New Delhi, Nov 24 (IANS) The Ministry of Agriculture is open to making pro-farmer changes in Pradhan Mantri Fasal Bima Yojana (PMFBY) in response to the recent climate crisis and rapid technological advances.
Secretary, Agriculture and Farmers Welfare, Manoj Ahuja said, since farming is exposed directly to such climatic catastrophes, it is important and critical to protect the vulnerable farming community of the country from the vagaries of nature.
“As a result, demand for crop insurance is likely to increase and therefore we need much more emphasis on crop and other forms of rural/agricultural insurance products to provide sufficient insurance protection to the farmers in India,” he added.
Ahuja pointed out that after the introduction of PMFBY in 2016, the scheme brought in comprehensive coverage of all the crops and perils, from the pre-sowing to post harvest period which was not included in previous schemes of National Agricultural Insurance Scheme(NAIS) and Modified NAIS.
He said, several new fundamental features were also added during its revision in 2018, such as increasing the crop loss intimation period for farmers from 48 hours to 72 hours, keeping in mind that damage signatures disappear or are lost in case of localised calamities after 72 hours.
Similarly, post its revamp in 2020, the scheme added voluntary enrolment and inclusion of add on cover for wildlife attack, to make the scheme even more farmer friendly.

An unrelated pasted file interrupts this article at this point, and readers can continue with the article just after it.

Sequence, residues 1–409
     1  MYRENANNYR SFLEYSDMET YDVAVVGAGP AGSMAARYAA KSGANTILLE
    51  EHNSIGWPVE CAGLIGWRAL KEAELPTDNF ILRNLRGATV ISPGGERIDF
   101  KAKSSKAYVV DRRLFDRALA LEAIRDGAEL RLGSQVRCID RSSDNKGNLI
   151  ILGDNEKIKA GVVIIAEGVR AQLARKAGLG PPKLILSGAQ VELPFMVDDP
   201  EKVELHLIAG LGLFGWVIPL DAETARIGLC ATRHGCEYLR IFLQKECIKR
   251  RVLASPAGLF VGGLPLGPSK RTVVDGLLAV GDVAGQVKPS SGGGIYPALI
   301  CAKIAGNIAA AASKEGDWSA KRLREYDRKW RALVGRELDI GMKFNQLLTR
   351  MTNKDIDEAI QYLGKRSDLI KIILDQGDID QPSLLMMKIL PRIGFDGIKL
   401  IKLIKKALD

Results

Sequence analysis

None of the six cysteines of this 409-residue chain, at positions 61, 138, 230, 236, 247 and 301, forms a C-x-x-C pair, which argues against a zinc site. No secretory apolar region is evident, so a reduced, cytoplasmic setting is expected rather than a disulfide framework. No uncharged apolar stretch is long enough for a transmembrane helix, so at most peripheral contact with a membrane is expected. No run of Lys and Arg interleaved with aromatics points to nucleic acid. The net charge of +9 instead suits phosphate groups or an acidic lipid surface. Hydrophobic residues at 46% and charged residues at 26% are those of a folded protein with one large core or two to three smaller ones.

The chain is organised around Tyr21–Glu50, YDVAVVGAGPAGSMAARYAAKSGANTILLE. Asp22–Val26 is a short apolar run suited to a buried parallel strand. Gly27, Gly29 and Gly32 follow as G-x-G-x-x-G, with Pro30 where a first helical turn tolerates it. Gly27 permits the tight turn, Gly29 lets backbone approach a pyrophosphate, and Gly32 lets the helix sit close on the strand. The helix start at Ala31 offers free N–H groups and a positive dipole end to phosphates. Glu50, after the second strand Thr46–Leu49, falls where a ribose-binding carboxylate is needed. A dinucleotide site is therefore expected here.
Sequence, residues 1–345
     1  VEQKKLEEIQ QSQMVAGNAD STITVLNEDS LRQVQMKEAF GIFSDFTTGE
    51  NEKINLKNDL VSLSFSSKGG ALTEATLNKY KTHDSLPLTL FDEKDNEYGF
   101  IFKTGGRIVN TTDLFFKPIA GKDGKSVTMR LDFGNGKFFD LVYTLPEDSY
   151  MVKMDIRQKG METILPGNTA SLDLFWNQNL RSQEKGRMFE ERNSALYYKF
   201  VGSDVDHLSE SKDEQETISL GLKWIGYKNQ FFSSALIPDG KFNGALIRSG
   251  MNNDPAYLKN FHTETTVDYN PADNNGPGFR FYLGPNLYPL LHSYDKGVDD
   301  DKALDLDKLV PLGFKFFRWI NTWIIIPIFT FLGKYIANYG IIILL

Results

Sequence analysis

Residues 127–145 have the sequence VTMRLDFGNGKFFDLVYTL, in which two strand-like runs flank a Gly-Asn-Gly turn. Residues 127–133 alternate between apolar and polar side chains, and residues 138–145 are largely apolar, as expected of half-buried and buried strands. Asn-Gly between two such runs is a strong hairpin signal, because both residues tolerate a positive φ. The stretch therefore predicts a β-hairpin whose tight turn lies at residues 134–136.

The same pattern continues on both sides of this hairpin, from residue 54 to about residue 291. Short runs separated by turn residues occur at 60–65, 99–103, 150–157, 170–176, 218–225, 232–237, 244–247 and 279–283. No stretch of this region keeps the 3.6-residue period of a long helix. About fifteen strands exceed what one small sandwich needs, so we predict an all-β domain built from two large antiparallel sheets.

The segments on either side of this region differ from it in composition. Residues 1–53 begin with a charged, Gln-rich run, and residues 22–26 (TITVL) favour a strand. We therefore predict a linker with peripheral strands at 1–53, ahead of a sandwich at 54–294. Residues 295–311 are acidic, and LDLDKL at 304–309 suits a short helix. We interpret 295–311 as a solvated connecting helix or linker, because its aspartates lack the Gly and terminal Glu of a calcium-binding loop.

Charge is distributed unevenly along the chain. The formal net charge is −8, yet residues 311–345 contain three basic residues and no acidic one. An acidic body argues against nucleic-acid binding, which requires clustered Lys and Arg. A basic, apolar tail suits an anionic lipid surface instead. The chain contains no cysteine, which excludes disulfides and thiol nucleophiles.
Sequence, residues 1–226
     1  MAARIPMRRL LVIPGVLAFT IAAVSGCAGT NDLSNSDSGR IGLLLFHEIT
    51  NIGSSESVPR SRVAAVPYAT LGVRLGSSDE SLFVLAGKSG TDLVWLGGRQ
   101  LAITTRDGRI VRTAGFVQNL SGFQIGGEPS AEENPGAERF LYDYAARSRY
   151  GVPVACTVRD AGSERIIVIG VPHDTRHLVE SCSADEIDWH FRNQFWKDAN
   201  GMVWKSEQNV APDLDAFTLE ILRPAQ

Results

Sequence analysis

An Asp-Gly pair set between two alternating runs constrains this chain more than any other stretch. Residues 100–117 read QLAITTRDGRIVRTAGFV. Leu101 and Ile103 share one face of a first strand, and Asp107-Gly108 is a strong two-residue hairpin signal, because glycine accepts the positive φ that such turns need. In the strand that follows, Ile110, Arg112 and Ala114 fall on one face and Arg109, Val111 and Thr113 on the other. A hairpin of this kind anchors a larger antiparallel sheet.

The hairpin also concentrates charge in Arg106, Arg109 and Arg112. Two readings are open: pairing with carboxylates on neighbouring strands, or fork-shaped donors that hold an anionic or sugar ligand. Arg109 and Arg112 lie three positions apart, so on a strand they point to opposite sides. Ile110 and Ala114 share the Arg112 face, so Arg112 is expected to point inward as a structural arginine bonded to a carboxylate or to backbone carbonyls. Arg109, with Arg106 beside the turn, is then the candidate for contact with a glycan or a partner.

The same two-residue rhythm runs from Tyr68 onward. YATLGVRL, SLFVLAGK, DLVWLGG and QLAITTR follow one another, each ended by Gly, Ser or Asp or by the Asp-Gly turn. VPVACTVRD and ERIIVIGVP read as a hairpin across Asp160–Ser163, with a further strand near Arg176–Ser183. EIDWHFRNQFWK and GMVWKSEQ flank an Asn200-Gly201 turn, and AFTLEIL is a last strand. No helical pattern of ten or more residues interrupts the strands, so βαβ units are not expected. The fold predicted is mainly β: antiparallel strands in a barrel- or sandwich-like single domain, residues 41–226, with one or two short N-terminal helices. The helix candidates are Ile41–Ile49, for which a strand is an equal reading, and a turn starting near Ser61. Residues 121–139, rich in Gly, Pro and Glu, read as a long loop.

The officer also clarified that some states have opted out of the scheme primarily due to inability to pay their state share of premium subsidy due to financial constraints, and it must be noted that post resolution of their issues, Andhra Pradesh joined back the scheme from July 2022 onwards and it is expected that the other states are also considering to join the scheme to provide comprehensive coverage to their respective farmers.
Delving into detail of the contribution of Centre and State in the premium, Ahuja pointed out that in the last six years, only Rs 25,186 crore has been paid by farmers wherein Rs 1,25,662 crore has been paid to the farmers against their claims, with central and state governments bearing most of the premium under the scheme.
It is to be noted that the acceptability of the scheme has increased amongst the farmers in last six years, with the share of non-loanee farmers, marginalised farmers and small farmers increasing by 282 per cent since the initiation of the scheme in 2016, the Secretary added.